Before its release Kick Ass was promising to destroy the superhero movie genre forever. It’s safe to say that in Week 2, with Kick Ass already down to 4th place, the superhero movie genre is as safe as it’ll ever be. Kick Ass was not an event movie. It was not the top movie in the box office, unless you use the wacky math over at Lionsgate. Despite trying to stir up controversy and a whole lot of viral marketing, Kick Ass did not deliver. Why not? Maybe because while older comic book fans still go wild for Mark Millar and Garth Ennis’ shock jock comics, general audiences aren’t all that impressed by the watered down shock value of something like Kick Ass. Especially when it doesn’t have much style to it. Wanted worked because of its cast and Bekmambetov’s exciting visuals. Kick Ass had kids in goofy costumes cursing. And that doesn’t bode well for possible adaptations of Garth Ennis or Warren Ellis either. Because if you can’t sell audiences on your story or on the general coolness of amateur vigilantes in costumes, then you’re really doing something wrong.

Apple Fights Too Many Battles

Between Steve Jobs’ campaign against Flash, his company’s aggressive pursuit of Gizmodo and the renewed debate over App censorship on the iPad and the iPhone, the company is fighting too many battles at the same time, and they’re taking a PR beating on almost all of them. Apple has gotten a partial pass in its battle with Adobe, mainly because few people even understand what Flash is, and it’s an area where Apple fanboys can show their pride. But the Gizmodo and App censorship battles are trickier because here Apple is slaughtering its own faithful. To Gizmodo, Apple products could do no wrong. The bias there has always been pro-Apple, but Apple has a way of hurting the fans who love them. And so now Gizmodo is in trouble for trying to provide a scoop on the next iPhone. And iPhone and iPad users are discovering the joys of being censored and of using carefully censored products. And the PR is not going their way. After the underwhelming iPad announcement and launch, Apple needed to bounce back. Instead Apple is visibly turning into exactly the kind of companies that people hate. The kind of companies that made them embrace Apple. But now the Apple looks more like the Death Star. Black really is their color.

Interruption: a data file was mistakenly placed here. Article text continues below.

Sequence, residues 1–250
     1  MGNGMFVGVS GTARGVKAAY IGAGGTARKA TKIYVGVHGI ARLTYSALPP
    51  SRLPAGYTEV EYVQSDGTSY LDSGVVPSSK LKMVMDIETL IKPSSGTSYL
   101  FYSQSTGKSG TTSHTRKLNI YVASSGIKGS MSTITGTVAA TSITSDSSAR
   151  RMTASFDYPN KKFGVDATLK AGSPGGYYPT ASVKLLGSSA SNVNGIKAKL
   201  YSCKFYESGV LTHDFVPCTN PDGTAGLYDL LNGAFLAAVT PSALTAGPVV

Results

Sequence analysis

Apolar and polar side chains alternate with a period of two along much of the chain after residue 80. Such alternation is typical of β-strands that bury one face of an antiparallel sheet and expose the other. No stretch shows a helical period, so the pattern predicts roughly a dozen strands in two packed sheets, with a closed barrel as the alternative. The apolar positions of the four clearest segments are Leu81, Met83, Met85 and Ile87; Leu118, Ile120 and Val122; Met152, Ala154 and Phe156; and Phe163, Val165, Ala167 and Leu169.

Drawn Together: The Movie

Much like Archer, Drawn Together was basically a one shot pop culture joke that tried to extend its fifteen minutes by going to extremes, not realizing that wannabe warped is not the same thing as funny. Drawn Together: The Movie is even worse, going to more extremes, still without ever being funny. And even worse yet, this is a bitter movie made by a canceled series that recruits Seth MacFarlane to take shots at South Park.

Now when you’re boasting about the vocal talents of Seth MacFarlane (yes that’s an actual promotional claim), it’s a little like boasting about the dynamic visuals of Kevin Smith. You’re already up a creek. The only reason to bring in MacFarlane was to try and get some of his fanbase interested in Drawn Together. Which isn’t going to happen, because with three shows already on TV, each one of them dumber than the last, his fanbase is already stretched thin keeping up with his own shovelware. They don’t need to make time for an animated series hardly anyone knows existed, whose conceit dates back to a type of reality show that used to be ubiquitous when it was created, but now has nearly vanished from TV.

In keeping with its basic derivative nature, Drawn Together: The Movie relies on the same basic plot that so many other post-TV show movies have. Except of course there’s more animal mutilation, racism and orgies. And of course South Park bashing. Because unlike Drawn Together, South Park is actually a successful show. And the creators and executive producers of Drawn Together will have to go back to working on The Man Show. (Don’t tell me you couldn’t guess that’s where they were from based on an episode of Drawn Together?)